It seems to be difficult, sometimes, for the moms to express these perfectly sincere and admirable sentiments while avoiding the kinds of implications that you mention, aurora. One sees what they mean -- but. It’s not necessarily intentional, though. (As bart notes, a simple rephrasing can take away the implied sting. Kyra Nichols talked about the effect having children made upon her in Ballet Review not too long ago and she struck exactly the right notes, I thought.)

Of course, there are occasions when the 'sting' is intentional, I fear.

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Well, some great ballerinas are left alone with their cats, their memories and companies to run. Wasn't her own AD the prima of her company for a generation?

I don't know Fournier, but her remarks seem to betray not only a lack compassion but also a lack of awareness.

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Well, some great ballerinas are left alone with their cats, their memories and companies to run. Wasn't her own AD the prima of her company for a generation?

I don't know Fournier, but her remarks seem to betray not only a lack compassion but also a lack of awareness.

She’s also danced with the Suzanne Farrell Ballet. Guess Kain and Farrell are bad role models.

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I don't know Fournier, but her remarks seem to betray not only a lack compassion but also a lack of awareness.

I don't know her either, but I've seen her dance with Farrell's troupe and I've watched Farrell rehearse her in Tzigane. She has a nice face, and while the comment might sting some ex-dancers, I read it as unthinking, not unkind.

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Guess Kain and Farrell are bad role models.

Karen Kain was pregnant about 18-19 years ago (she is married to actor Ross Petty) and happily anticipating the birth of their baby. Unfortunately, she suffered a miscarriage. She never announced any other pregnancies, leaving her fans to wonder whether she could have had a child later.

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Marga, I wasn’t really thinking of that kind of individual circumstance, sad as it certainly is. (Also, I think the matter of whether the absence of children is voluntary or not isn't quite to the point.)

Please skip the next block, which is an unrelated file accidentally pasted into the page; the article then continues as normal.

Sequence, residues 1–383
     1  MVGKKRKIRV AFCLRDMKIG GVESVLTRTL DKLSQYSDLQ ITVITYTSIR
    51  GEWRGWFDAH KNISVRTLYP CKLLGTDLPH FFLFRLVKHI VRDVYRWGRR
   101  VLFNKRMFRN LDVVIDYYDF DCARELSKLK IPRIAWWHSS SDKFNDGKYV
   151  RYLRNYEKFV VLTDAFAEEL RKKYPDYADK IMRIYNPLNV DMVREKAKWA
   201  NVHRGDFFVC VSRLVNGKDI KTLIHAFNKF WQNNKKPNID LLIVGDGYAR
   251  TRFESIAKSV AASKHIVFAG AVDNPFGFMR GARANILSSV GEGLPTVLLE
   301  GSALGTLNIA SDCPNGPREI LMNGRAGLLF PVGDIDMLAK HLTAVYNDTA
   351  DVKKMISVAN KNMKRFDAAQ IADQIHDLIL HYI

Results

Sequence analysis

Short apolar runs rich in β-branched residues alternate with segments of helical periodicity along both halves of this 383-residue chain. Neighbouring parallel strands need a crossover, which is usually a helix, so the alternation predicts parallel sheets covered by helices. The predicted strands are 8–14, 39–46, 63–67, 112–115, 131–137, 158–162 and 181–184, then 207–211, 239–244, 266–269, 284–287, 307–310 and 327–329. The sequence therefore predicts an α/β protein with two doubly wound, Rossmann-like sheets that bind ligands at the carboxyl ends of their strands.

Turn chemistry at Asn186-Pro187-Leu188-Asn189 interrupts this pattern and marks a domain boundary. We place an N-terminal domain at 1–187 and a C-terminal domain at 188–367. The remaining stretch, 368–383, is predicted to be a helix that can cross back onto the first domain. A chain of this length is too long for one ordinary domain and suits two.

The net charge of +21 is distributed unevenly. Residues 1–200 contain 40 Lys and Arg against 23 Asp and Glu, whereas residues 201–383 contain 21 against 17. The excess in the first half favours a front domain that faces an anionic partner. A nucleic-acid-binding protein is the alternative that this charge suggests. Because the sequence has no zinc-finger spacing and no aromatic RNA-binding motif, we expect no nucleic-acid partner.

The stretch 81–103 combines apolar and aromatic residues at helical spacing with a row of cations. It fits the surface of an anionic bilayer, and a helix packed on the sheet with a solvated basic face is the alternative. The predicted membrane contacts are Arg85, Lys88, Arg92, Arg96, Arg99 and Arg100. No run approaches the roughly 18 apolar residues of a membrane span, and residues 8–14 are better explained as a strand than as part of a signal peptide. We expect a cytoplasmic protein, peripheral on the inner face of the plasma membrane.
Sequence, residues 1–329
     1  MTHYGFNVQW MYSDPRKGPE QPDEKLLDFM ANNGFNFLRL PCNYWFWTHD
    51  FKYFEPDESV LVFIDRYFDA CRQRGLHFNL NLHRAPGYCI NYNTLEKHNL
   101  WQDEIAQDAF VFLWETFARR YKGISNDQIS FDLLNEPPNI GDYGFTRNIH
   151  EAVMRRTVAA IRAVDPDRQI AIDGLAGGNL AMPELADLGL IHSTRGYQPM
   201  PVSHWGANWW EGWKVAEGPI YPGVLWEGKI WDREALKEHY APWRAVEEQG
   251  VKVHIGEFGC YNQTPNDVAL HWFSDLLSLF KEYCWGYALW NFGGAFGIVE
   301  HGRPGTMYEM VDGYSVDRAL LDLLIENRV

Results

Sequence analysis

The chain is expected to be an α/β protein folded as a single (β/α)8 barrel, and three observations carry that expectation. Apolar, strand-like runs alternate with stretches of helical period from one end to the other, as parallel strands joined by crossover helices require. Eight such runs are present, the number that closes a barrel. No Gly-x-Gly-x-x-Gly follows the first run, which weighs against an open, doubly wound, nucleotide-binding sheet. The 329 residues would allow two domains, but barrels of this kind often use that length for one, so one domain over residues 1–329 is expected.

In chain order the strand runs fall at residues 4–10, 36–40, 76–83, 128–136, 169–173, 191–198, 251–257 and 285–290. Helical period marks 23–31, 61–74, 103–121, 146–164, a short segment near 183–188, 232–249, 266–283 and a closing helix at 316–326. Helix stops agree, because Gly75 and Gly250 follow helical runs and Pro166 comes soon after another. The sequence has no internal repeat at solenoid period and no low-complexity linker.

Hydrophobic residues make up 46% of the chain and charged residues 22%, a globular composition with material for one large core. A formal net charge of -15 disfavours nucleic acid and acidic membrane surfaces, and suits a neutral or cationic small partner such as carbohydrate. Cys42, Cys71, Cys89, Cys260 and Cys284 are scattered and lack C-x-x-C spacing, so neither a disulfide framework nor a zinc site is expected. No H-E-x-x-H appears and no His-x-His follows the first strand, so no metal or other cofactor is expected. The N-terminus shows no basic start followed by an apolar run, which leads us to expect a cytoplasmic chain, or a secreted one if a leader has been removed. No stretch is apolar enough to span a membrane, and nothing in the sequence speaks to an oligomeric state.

At this juncture I should probably note that we should avoid speculation about individual circumstances. Not aimed at you, Marga - just a general reminder. :)

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Why do people assume not having children is a choice? If you have the opportunity--physically, personally, circumstancially, and then choose yes or no to have children, then it's a choice, but otherwise?

So semantically (is that a word?)...

1)Is it a situation or an attitude Fournier is commenting on? If the latter, then she is insensitive to circumstance.

2) Bart is right, changing the generalized "us" to personal "me" does ameliorate it somewhat.

3) Ditto Aurora's experience. Apropos: a colleague of mine is a Superintendent of our school district, due to ovarian cancer his wife could not have children--his comment was, "I have 900 children 280 days a year to worry and care for." He said it with a smile. So, for all those AD's who don't have children, I say the same thing: You have 100+ people who respect you and look to you for guidance and care, that is a great responsibility, but it has its rewards.

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I'm a working mother so I suppose it's up to me to rush to Fournier's defense... I don't mean that seriously but if you look at the article, it does look like the sentence about 'cats and memories' was edited so there may have been more context than we know. I know it seems unlikely given the huge volume of discourse about motherhood and parenting drowning the media these days, but there still is prejudice against mothers in the workplace. I doubt that a sleep-deprived new mother was thinking of anything except presenting herself and her beloved child as best she could.

More pertinently, although most mothers (whether working inside and outside the home) do regard themselves as being more efficient, better multi-taskers, packing more into a day, etc. than others, I'm not sure that those qualities are particularly important for a dancer in a big company. Sure they have to cut down on their socializing, but unlike office workers who can talk on the phone and write a document at eth same time, a dancer can't take class and rehearse simultaneously.